Quebec health minister less than thrilled with pot legalization plan
Published Monday, March 27, 2017 4:31PM EDT
Last Updated Tuesday, March 28, 2017 7:44AM EDT
As Canadians learned Monday they should be able to use marijuana legally by Canada Day 2018, it appears Quebec’s health minister is less than thrilled about the plan.
A government source has confirmed reports Ottawa intends to introduce legislation next month, following a promise the Liberals made during the election to legalize marijuana.
“Going the road of legalization is actually the responsible thing to look at and to do,” said Prime Minister Justin Trudeau on the topic.
The plan is to have a bill ready in time for April 20th of this year and the law in place 14 months later.
Ottawa would reportedly be responsible for maintaining supply, issuing licences and quality control, but the rest would be up to the provinces:
“We will have to manage all of this,” said an irritated Health Minister Gaetan Barrette at a news conference Monday.
Barrette appeared unenthused with reports the provinces will handle distribution.
“Of course, Ottawa will step back and let us have all the responsibility, as is always the case,” he said.
In February of last year, Finance Minister Carlos Leitao said Quebec wanted nothing to do with the sale of marijuana, adding he had "no plan, no idea, no intention of commercializing (marijuana).
"It's up to the federal government to determine how to do it," he said. "I will never have the obligation to commercialize (marijuana) even if it becomes legal. It's not up to the province of Quebec to do that."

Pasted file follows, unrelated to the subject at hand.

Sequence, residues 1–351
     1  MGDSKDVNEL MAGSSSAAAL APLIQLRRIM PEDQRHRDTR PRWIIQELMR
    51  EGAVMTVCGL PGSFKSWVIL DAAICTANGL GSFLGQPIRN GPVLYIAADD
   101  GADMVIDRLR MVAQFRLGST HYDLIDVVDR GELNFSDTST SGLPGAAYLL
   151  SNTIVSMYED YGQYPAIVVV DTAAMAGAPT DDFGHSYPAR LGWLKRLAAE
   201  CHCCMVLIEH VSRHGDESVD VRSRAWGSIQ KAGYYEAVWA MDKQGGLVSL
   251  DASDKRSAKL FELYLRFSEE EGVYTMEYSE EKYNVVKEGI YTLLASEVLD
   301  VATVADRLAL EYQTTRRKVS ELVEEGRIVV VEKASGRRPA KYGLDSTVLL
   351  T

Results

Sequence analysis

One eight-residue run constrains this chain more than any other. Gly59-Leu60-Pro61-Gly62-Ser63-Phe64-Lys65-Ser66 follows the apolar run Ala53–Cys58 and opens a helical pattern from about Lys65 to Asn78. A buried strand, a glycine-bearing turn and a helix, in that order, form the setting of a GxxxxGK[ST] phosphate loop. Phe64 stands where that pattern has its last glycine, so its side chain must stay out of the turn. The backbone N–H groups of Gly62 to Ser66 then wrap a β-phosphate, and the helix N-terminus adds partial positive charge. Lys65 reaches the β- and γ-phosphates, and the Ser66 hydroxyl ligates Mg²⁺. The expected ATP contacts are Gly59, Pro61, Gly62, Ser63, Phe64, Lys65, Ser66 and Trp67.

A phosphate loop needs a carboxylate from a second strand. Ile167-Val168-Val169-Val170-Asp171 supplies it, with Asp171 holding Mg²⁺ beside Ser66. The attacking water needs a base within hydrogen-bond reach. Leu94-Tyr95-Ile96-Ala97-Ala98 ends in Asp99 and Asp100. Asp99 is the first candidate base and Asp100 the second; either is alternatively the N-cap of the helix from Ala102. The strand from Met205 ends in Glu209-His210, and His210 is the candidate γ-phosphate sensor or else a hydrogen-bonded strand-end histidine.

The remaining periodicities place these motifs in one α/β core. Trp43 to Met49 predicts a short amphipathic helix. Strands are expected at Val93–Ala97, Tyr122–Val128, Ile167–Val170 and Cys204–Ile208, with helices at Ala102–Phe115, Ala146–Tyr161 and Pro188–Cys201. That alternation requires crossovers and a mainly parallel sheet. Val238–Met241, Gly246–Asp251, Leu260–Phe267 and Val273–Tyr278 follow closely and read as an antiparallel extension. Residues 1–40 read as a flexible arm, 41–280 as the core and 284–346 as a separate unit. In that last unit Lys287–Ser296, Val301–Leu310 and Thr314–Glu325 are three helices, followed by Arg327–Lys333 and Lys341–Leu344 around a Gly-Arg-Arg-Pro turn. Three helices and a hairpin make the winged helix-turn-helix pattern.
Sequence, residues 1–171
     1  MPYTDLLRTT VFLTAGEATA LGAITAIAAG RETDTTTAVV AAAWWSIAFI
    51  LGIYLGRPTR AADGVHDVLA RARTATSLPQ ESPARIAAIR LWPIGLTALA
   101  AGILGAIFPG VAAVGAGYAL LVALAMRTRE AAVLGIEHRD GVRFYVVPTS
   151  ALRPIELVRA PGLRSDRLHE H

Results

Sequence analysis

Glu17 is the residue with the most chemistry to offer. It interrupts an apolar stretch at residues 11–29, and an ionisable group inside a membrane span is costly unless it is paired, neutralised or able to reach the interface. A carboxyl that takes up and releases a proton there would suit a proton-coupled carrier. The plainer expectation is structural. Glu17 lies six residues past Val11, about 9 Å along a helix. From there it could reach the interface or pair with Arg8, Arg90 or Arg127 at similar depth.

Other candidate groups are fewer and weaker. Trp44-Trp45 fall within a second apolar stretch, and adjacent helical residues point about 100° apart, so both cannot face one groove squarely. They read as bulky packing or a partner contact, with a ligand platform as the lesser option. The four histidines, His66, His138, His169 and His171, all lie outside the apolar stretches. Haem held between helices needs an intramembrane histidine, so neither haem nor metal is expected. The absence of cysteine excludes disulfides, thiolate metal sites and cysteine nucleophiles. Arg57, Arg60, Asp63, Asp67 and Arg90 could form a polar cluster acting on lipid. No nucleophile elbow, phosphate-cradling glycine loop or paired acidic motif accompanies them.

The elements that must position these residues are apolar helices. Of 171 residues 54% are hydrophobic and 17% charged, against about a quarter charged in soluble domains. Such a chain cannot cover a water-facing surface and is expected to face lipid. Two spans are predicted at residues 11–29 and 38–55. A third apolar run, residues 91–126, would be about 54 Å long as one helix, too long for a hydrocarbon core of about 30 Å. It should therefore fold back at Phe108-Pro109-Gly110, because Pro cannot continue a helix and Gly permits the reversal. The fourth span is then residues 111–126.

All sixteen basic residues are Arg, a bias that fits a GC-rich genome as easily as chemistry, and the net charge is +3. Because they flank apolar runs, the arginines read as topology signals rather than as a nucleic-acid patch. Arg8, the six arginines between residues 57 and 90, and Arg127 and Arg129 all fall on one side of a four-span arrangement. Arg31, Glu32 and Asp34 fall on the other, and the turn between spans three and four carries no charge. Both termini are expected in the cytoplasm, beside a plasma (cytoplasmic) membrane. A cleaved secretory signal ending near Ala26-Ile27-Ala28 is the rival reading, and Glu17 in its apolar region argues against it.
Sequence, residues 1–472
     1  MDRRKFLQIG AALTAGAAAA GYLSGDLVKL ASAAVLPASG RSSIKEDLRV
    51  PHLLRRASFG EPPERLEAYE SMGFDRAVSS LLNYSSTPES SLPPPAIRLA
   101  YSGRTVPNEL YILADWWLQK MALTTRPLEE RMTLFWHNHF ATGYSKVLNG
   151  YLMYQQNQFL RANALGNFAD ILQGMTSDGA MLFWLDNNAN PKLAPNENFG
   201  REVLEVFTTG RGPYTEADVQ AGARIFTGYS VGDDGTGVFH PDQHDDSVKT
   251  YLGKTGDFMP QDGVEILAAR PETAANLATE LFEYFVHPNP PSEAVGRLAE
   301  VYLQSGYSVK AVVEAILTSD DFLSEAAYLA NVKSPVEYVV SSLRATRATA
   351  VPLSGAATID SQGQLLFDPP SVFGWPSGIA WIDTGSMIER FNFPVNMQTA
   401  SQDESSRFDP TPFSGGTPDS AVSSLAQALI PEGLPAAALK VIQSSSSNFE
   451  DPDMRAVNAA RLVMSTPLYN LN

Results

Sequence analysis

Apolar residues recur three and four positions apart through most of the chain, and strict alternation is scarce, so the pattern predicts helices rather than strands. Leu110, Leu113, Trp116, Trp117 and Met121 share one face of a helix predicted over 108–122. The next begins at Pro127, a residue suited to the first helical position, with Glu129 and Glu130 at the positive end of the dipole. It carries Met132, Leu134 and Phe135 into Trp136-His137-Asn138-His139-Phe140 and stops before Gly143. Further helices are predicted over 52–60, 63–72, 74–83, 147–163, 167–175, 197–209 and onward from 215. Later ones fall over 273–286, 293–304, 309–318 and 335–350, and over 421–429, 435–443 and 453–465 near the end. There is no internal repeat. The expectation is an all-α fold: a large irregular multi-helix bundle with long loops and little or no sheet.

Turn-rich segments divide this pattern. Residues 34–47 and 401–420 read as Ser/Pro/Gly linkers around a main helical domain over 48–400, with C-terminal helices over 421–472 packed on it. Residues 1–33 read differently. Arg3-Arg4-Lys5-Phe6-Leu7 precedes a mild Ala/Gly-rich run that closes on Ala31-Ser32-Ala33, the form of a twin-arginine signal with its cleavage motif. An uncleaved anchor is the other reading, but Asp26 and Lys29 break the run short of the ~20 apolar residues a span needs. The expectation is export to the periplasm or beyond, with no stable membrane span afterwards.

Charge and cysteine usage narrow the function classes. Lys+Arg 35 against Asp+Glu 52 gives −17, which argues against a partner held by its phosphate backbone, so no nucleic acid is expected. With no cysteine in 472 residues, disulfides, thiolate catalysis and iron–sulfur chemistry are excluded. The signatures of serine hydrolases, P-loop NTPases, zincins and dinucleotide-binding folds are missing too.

When asked what distribution network the federal government could use in Quebec to sell pot, Leitao responded, "They'll have to figure it out."
Leitao quickly reeled his position back, calling the legalization a “complex issue to be worked out.”
Long-time legalization activist Marc-Boris St-Maurice said it's time the province gets on board.
“The provincial government needs to get off its ass and realize that this is happening and do something about it,” he said.
It is currently far from clear what commercialization will look like in Quebec.
While selling pot at the provincial liquor outlets (SAQs) has come up, the task force appointed to study legalization recommends a ban on selling alcohol alongside marijuana.
Montreal Mayor Denis Coderre said he’s in favour of legalization, but hopes the structure is clear.
“You need to make sure there is education. You need to make sure that if you can arrest people using alcohol (driving), that by using drugs, we need to make sure we are strong on that too,” he said.
Law enforcement is a concern also raised by the Conservative Party.
“Are the police going to have all the resources they need? Are they going to be equipped to test people that are driving under the influence of drugs?” asked interim party leader Rona Ambrose.
Quebec Public Security Minister Martin Coiteux said the province has set up all the necessary committees.
“We're looking at it from the public safety, of justice, and of public health in particular,” said Coiteux.
Ottawa may write most of the rules, but the provinces will set the price tag. According to one government report, they may also keep 60 per cent of tax revenues.
All the details are expected in a few weeks.